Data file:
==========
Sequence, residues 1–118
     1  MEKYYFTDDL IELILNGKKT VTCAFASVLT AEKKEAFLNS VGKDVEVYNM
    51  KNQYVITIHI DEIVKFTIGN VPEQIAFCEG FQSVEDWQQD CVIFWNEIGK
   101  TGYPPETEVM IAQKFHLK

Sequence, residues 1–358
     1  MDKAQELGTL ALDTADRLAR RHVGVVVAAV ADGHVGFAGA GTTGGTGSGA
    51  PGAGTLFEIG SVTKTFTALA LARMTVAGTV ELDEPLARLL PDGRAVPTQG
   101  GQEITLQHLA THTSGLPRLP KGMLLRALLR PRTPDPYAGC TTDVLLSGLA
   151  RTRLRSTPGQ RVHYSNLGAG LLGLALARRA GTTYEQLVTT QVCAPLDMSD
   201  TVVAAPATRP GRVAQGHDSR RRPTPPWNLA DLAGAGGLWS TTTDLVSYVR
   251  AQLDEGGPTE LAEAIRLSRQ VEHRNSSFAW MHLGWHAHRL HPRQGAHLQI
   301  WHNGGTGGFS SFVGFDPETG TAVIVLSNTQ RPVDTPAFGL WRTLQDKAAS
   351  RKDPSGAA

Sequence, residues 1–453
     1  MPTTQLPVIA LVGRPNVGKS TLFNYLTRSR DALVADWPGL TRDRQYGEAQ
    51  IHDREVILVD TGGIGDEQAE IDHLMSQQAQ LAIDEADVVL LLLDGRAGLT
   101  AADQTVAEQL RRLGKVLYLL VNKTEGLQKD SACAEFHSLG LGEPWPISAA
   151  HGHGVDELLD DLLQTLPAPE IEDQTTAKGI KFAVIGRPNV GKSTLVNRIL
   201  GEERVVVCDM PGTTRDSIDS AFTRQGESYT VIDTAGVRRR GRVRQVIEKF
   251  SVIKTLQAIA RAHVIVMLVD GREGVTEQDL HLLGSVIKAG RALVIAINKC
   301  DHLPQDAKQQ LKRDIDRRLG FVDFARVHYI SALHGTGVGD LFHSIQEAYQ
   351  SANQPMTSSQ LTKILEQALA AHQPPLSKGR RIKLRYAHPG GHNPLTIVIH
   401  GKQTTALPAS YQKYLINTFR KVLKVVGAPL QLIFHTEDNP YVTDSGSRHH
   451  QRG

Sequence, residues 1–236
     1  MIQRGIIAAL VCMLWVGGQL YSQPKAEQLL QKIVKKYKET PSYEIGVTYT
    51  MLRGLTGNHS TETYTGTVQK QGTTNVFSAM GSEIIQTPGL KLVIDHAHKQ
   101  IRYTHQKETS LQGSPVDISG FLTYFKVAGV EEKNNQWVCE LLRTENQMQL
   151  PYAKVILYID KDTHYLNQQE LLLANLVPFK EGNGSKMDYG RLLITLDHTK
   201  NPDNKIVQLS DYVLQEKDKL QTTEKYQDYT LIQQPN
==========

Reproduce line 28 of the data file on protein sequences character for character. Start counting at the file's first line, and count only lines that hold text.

   101  IRYTHQKETS LQGSPVDISG FLTYFKVAGV EEKNNQWVCE LLRTENQMQL